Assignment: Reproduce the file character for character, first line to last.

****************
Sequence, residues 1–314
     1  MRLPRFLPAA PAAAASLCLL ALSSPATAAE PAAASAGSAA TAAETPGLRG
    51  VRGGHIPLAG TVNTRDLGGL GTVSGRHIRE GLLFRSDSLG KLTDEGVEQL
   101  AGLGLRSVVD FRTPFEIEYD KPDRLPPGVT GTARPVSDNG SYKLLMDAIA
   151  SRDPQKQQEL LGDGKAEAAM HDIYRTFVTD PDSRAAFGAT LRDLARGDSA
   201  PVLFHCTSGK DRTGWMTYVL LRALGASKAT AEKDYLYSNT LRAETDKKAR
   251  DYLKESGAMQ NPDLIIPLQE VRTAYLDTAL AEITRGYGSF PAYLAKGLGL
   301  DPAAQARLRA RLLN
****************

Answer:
Sequence, residues 1–314
     1  MRLPRFLPAA PAAAASLCLL ALSSPATAAE PAAASAGSAA TAAETPGLRG
    51  VRGGHIPLAG TVNTRDLGGL GTVSGRHIRE GLLFRSDSLG KLTDEGVEQL
   101  AGLGLRSVVD FRTPFEIEYD KPDRLPPGVT GTARPVSDNG SYKLLMDAIA
   151  SRDPQKQQEL LGDGKAEAAM HDIYRTFVTD PDSRAAFGAT LRDLARGDSA
   201  PVLFHCTSGK DRTGWMTYVL LRALGASKAT AEKDYLYSNT LRAETDKKAR
   251  DYLKESGAMQ NPDLIIPLQE VRTAYLDTAL AEITRGYGSF PAYLAKGLGL
   301  DPAAQARLRA RLLN